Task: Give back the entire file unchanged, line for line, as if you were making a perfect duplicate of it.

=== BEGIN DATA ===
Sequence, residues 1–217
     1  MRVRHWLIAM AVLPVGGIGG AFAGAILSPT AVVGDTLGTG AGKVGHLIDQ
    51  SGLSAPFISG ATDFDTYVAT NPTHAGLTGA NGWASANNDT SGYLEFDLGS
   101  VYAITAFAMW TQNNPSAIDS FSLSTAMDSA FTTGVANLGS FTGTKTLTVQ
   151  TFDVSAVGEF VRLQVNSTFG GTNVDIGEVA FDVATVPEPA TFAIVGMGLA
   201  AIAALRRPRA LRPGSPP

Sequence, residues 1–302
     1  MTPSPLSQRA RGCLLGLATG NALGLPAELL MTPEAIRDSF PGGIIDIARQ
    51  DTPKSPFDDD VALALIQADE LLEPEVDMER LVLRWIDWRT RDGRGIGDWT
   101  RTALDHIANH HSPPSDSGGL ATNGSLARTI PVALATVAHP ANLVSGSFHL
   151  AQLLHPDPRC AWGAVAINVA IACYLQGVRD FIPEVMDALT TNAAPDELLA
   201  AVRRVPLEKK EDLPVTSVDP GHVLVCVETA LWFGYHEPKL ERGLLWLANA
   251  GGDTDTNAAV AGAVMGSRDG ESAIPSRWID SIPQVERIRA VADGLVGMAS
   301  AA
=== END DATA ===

Sequence, residues 1–217
     1  MRVRHWLIAM AVLPVGGIGG AFAGAILSPT AVVGDTLGTG AGKVGHLIDQ
    51  SGLSAPFISG ATDFDTYVAT NPTHAGLTGA NGWASANNDT SGYLEFDLGS
   101  VYAITAFAMW TQNNPSAIDS FSLSTAMDSA FTTGVANLGS FTGTKTLTVQ
   151  TFDVSAVGEF VRLQVNSTFG GTNVDIGEVA FDVATVPEPA TFAIVGMGLA
   201  AIAALRRPRA LRPGSPP

Sequence, residues 1–302
     1  MTPSPLSQRA RGCLLGLATG NALGLPAELL MTPEAIRDSF PGGIIDIARQ
    51  DTPKSPFDDD VALALIQADE LLEPEVDMER LVLRWIDWRT RDGRGIGDWT
   101  RTALDHIANH HSPPSDSGGL ATNGSLARTI PVALATVAHP ANLVSGSFHL
   151  AQLLHPDPRC AWGAVAINVA IACYLQGVRD FIPEVMDALT TNAAPDELLA
   201  AVRRVPLEKK EDLPVTSVDP GHVLVCVETA LWFGYHEPKL ERGLLWLANA
   251  GGDTDTNAAV AGAVMGSRDG ESAIPSRWID SIPQVERIRA VADGLVGMAS
   301  AA